The two experts featured on Morning Joe today seem pretty happy with the news about pending approval on the Johnson & Johnson vaccine.
"The good news for this week, Mika, is the Johnson & Johnson vaccine," Dr. David Campbell, MSNBC's health correspondent, said.
"This is the single dose vaccine that has gone through the beginning phases of the FDA advisory committee. And tomorrow this advisory committee will meet to discuss whether the FDA will grant or begin considering granting an emergency use authorization. And if they do, by next week, the prediction is three or four million doses will be made available to the United States for the J&J single dose vaccine. And this is coming out of a big multinational study that included South Africa and Brazil. So these variants that everybody is worried about do have some effect from this J&J vaccine, Mika. It's good news."
"Dr. McMurray-Heath, we got the information about J&J clearing the hurdle, hopefully in the next few days gets emergency use authorization from the FDA, what does it mean for the big picture and the speed in which we might get the entire country vaccinated? And as we look at some of these variants not just from South Africa, but they're talking about a new one in New York City that's spreading around, will those vaccines protect against those variants?"
"Well, it's a huge milestone to now have three vaccines within sight of the finish line of getting emergency use authorization from the Food and Drug administration," McMurray-Heath said.
"So Friday will be a huge day in the history of us combatting this covid pandemic. It's going to be wonderful to see the J&J vaccine get distributed. It offers hope that we'll more easily be able to vaccinate rural communities, where it's been difficult to keep the first two vaccines at the super cold temperatures that have been required. J&J is much more stable at regular refrigeration. And because it requires only one dose, it will give us more flexibility.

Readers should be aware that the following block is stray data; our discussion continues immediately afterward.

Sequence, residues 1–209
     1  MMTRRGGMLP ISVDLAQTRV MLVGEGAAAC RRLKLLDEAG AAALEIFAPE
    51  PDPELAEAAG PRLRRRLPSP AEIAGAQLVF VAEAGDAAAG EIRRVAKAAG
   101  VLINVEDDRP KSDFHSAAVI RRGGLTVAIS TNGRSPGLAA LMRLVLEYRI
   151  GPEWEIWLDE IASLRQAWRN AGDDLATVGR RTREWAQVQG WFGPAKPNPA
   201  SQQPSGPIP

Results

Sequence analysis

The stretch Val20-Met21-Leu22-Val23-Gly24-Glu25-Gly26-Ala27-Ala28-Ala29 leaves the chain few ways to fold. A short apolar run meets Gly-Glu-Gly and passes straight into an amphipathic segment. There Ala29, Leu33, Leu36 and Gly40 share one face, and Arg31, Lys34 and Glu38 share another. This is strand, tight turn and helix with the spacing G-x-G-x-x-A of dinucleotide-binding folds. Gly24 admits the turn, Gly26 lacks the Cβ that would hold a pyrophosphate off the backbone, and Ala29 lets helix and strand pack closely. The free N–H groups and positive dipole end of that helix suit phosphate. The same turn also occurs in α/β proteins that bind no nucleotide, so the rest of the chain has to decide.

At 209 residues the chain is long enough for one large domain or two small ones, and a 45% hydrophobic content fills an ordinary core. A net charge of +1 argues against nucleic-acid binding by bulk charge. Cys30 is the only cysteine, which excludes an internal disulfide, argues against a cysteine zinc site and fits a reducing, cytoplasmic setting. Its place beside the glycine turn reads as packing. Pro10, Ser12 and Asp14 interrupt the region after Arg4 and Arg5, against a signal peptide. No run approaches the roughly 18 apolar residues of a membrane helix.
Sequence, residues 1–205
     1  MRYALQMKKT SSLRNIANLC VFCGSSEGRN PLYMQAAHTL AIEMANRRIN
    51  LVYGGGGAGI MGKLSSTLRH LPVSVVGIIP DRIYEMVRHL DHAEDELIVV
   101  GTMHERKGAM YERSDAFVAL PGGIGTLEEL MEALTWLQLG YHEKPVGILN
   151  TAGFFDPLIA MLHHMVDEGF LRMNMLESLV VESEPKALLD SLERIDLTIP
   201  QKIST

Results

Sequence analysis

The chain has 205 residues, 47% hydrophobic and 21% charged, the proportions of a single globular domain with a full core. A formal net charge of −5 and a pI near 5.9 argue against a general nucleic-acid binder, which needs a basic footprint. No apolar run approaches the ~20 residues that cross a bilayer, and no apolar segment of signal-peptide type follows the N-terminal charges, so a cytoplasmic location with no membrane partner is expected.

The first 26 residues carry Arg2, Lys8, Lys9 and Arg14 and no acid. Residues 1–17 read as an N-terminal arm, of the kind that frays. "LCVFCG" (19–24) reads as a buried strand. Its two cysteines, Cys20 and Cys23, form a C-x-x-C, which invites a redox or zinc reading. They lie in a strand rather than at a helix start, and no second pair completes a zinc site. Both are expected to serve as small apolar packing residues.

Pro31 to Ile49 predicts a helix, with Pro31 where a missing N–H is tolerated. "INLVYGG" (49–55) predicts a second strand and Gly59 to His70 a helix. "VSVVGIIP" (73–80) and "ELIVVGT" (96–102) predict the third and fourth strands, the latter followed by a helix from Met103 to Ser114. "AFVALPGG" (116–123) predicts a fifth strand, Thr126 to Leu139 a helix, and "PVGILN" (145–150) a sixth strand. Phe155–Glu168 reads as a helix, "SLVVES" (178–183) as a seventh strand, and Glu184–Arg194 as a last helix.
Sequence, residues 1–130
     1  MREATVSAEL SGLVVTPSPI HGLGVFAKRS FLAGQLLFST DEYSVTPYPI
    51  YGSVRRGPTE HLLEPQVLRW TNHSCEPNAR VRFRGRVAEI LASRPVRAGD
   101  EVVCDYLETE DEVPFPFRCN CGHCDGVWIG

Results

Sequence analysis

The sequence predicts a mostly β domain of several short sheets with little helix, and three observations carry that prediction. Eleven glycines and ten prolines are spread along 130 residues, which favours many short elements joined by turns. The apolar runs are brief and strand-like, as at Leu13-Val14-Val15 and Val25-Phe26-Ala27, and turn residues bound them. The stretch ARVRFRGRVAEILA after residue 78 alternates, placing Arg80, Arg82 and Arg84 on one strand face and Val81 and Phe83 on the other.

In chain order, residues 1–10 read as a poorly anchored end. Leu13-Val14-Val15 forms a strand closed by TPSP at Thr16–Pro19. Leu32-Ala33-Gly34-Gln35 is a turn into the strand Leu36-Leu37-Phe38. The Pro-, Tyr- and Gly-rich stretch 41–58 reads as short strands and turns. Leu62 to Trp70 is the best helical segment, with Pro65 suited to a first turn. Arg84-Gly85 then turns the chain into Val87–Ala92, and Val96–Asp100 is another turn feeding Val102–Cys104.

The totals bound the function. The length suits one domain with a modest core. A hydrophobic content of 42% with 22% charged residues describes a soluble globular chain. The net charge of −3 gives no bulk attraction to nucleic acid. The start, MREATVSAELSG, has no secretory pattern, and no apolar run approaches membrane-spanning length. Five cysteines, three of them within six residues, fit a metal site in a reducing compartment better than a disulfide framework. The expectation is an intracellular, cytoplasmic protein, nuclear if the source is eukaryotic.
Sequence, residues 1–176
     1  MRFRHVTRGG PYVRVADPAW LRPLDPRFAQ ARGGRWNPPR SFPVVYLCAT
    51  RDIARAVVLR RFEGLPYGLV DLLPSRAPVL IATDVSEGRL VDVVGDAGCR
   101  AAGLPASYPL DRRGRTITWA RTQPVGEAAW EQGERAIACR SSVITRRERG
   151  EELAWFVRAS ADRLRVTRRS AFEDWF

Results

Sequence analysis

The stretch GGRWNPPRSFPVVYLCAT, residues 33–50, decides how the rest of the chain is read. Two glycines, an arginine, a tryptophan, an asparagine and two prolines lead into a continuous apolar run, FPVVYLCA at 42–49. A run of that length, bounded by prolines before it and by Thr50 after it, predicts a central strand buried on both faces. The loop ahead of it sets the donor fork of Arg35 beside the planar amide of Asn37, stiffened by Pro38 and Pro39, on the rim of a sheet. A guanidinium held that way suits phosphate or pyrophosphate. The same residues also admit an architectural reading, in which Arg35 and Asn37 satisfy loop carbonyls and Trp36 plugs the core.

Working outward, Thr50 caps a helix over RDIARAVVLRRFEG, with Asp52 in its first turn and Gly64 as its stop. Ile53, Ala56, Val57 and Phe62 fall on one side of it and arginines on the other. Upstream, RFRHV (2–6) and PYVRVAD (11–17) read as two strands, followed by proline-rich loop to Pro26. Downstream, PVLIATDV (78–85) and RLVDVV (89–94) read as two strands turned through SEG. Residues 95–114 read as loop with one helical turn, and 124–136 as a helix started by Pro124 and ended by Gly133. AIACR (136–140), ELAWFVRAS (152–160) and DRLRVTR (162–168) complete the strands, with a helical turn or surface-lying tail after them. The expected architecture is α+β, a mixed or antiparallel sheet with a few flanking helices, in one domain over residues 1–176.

"So we've always said it's great to have multiple feathers in your quiver, so that we're prepared for this. But the variants are a real concern, and there's good news on that front as well. Just this week, we learned that Moderna is starting to send new versions of its vaccine to the NIH for clinical testing that is specifically designed to combat the variant.
"So this may be like the flu vaccine. You get your Pfizer, Moderna, J&J vaccine right now. And then perhaps as variants emerge and we learn more about them, you get a booster so you that you're even more protected against them. But to date, all of the data is showing that the existing three vaccines have very solid efficacy, even against the variants that have been detected. So this is good news."